A Greenland shark just took home the gold medal for longest-living vertebrate. This slow-moving native of the Arctic and North Atlantic can live to be 272 years old, according to a new study in Science.
To estimate the age of this elder fish, an international team of researchers used radiocarbon dating on the eye lenses of 28 dead female Greenland sharks (Somniosus microcephalus). In particular, they examined isotopes at the center of the eye lenses, which were formed when the sharks were born.
Only three of the sharks had carbon-14 isotopes associated with nuclear bomb testing during the 1950s, meaning the rest were older than 75 years old. By correlating shark length with radiocarbon dates, the team estimated the largest shark was 392 years old, give or take 120 years.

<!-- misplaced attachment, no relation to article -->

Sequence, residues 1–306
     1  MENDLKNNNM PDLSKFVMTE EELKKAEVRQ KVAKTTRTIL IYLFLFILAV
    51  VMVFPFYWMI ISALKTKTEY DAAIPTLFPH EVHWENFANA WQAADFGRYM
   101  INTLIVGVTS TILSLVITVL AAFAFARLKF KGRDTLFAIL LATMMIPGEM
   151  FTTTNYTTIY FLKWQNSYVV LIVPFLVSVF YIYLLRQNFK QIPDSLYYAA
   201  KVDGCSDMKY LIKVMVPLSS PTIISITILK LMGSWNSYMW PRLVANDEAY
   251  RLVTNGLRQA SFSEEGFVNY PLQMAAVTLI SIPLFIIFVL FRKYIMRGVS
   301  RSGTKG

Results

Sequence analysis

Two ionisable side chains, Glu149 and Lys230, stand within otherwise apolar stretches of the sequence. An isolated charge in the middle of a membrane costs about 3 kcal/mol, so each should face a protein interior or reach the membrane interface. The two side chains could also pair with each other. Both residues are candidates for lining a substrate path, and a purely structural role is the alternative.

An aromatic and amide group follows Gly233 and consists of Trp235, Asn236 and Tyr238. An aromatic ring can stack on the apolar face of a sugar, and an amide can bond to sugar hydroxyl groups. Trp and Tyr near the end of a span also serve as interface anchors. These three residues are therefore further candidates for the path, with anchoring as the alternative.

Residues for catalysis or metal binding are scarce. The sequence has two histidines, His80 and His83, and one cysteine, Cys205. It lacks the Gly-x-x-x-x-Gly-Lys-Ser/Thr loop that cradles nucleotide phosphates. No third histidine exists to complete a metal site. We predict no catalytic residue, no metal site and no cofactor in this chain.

“Even with the lowest part of this uncertainty, 272 years, even if that is the maximum age, it should still be considered the longest-living vertebrate,” lead author Julius Neilsen told the BBC.
The researchers also determined that Greenland sharks, which grow less than one inch a year, don’t reach sexual maturity until they are 150 years old. Requiring more than a century to reproduce raises significant concerns for this already-threatened species.
The world title for longest-living creature, however, still belongs to a 507 year-old clam, an invertebrate.